The Lund Report,, May 4, 2016
News source: Oregon Public Broadcasting
In the small universe that is health insurance, 2017 may turn out to be pretty nice for the men and women who predict how much insurers have to pay out in claims.
“Actuaries across the country will be able to sleep better at night for 2017,” John Bertko, chief actuary for Covered California, said.
Bertko says after three years actuaries finally have the information to more accurately forecast what they need to make a profit. Better data is just one signal that premiums on the Obamacare exchanges will likely go up more than this year. More sick people than expected and exploding drug prices are two other important signs.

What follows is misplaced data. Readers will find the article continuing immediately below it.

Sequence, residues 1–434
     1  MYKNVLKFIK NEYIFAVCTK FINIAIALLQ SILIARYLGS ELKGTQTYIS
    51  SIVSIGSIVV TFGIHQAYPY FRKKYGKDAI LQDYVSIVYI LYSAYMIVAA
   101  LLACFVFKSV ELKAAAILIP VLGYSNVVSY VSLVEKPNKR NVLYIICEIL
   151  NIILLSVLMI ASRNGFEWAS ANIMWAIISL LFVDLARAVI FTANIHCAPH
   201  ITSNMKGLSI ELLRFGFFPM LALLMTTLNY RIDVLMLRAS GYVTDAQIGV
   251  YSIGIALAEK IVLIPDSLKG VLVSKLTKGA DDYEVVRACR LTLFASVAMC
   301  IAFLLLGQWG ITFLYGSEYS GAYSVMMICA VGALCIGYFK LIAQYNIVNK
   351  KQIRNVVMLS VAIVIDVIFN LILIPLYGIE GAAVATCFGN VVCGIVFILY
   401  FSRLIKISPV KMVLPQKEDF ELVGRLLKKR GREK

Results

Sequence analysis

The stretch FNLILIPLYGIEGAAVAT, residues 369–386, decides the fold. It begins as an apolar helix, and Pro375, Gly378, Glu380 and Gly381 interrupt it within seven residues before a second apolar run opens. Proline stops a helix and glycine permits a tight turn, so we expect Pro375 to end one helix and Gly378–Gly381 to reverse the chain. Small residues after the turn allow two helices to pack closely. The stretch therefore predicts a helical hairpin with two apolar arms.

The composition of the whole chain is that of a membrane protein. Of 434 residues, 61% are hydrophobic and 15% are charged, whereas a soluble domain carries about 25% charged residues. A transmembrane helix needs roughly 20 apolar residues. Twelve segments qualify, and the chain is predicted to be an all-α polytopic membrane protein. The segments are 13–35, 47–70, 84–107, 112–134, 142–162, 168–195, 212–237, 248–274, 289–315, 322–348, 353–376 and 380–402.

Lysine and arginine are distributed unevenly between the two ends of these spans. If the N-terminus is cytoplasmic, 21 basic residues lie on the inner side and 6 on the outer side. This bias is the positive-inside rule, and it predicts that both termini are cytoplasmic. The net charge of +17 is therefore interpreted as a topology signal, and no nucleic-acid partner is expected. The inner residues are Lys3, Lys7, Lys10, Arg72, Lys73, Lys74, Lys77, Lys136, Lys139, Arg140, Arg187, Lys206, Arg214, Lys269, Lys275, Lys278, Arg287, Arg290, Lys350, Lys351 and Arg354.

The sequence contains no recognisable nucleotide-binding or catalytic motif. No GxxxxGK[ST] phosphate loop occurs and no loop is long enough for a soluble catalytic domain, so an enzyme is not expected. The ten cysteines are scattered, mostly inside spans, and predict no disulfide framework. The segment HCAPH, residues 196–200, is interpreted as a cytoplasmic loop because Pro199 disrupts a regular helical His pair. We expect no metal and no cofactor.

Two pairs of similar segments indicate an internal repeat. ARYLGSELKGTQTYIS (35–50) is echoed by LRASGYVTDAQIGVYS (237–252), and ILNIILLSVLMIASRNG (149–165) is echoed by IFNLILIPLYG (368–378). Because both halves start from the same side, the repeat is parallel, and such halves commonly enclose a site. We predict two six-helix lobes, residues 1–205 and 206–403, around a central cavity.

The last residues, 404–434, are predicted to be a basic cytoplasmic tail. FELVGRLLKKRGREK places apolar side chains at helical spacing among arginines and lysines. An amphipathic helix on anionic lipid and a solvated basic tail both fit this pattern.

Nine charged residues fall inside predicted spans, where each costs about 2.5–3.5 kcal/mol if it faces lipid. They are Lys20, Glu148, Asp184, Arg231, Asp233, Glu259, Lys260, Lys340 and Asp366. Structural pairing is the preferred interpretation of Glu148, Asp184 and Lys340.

Virginia, one of the earliest states to publicly report proposed increases, has posted that carriers are looking for hikes from 9 to 37 percent. The Kaiser Family Foundation’s Larry Levitt said another factor is that companies are losing the key federal subsidy called ‘reinsurance’ that helps cover costs for the most expensive consumers.
“The reinsurance money has allowed premiums this year to be about 5% lower than they would have been if that subsidy didn’t exist,” he said.
Higher premiums will certainly mean more tax dollars to help cover the cost of subsidizing coverage.